Cambridge Analytica, Data Privacy, GDPR, privacy


Over the course of the last 3 decades, the world has seen monumental shifts in how information is collected, transmitted, and disseminated. Every aspect of our personalities that live on the internet, including our browser history, photos we post to social media, our shopping decisions and our selection of online friends, has been collated, quantified, and assimilated into a digital profile, which has skyrocketing value to an increasing number of businesses. With these developments in technology come the inevitable questions of ownership of such data, its use, misuse and even possible theft. This paper takes a comprehensive and comparative look at the data privacy legislature in the two largest data hubs in the world, namely the United States and the European Union. The paper also seeks to address the shortcomings of certain, past legislative decisions, and makes a recommendation for the future. To do this, we analyze the events of the past, using the 2016 Facebook/Cambridge Analytica data scandal as a focal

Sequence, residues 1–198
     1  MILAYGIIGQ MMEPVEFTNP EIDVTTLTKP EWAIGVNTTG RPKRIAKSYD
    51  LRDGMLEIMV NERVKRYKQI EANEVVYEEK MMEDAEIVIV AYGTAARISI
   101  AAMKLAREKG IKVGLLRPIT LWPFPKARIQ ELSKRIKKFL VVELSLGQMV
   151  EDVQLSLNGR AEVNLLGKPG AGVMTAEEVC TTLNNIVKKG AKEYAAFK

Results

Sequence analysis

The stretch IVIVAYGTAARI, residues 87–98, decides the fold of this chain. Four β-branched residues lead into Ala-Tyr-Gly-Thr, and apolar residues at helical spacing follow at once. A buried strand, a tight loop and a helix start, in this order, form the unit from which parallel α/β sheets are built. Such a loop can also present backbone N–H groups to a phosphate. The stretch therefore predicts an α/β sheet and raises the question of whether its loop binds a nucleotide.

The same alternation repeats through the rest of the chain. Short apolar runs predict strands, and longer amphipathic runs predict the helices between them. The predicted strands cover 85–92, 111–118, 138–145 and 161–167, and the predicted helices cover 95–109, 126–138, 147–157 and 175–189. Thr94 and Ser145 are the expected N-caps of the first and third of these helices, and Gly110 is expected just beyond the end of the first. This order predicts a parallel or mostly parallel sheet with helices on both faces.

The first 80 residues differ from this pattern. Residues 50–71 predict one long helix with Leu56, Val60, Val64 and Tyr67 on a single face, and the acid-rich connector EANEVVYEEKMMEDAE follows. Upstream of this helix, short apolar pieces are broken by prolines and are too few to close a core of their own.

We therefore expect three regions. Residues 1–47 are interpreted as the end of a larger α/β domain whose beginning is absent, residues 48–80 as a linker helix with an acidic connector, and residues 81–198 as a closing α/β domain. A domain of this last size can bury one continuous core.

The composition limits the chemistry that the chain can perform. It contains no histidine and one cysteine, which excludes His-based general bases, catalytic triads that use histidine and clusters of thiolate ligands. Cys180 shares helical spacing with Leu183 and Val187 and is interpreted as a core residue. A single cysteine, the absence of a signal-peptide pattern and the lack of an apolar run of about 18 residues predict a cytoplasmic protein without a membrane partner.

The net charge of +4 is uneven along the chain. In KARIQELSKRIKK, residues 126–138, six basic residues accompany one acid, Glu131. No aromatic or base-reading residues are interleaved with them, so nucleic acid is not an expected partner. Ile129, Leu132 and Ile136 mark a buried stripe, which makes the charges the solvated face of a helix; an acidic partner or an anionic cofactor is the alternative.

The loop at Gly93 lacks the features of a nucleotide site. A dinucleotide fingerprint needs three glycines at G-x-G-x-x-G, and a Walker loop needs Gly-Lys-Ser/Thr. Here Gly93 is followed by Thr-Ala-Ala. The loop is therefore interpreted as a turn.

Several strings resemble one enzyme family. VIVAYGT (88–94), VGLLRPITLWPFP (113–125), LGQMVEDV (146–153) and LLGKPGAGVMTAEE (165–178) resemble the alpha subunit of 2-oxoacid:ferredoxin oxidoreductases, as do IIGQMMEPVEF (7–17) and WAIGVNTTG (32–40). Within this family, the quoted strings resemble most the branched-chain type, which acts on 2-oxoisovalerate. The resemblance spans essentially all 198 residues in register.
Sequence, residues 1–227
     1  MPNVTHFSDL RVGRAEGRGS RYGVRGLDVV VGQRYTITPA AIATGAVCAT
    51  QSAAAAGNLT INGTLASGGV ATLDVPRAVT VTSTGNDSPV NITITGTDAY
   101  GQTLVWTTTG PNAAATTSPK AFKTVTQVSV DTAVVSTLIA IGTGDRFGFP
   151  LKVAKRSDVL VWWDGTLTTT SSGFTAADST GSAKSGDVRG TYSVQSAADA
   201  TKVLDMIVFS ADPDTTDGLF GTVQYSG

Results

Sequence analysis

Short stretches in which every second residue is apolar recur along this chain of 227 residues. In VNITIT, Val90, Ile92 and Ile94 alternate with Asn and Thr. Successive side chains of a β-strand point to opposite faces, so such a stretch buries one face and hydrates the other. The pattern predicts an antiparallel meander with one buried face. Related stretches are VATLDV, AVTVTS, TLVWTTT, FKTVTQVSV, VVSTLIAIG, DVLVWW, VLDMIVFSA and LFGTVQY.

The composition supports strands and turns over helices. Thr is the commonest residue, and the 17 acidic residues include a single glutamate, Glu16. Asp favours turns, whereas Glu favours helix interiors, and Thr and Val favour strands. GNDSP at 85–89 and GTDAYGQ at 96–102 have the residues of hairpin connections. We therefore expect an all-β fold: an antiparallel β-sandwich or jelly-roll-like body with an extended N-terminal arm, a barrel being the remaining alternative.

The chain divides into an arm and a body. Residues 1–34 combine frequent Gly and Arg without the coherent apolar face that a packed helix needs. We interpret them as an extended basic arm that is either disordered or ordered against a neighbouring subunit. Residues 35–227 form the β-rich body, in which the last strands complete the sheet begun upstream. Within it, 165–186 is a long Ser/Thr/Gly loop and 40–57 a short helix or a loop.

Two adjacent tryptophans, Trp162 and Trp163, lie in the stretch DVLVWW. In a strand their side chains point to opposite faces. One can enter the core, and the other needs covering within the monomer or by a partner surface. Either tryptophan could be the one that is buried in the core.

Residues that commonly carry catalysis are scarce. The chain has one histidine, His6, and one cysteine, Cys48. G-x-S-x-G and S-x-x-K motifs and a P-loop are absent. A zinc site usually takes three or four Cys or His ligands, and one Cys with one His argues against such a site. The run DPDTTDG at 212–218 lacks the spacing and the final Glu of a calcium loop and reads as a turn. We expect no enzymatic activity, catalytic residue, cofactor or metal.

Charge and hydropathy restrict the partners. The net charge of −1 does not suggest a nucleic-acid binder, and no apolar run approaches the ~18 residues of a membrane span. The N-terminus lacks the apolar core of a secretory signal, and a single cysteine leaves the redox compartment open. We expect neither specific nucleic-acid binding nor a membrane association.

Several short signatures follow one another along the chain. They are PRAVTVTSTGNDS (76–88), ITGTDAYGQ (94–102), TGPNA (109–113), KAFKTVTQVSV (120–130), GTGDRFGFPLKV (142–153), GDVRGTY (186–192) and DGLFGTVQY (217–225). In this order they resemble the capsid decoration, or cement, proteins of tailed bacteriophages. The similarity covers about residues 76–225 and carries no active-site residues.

point. On analyzing the major differences between American privacy law and the preeminent document on data privacy at the time, namely the Global Data Privacy Regulations (GDPR), we conclude that data privacy in the United States is in its nascent stages, in dire need of an overhaul. The California Consumer Privacy Act is the legislature that comes close to mimicking the function of the GDPR, albeit at a much smaller scale. The other remedies include the American Data Privacy and Protection Act (ADPPA), which is already under consideration by Congress, or a state-by-state approach.

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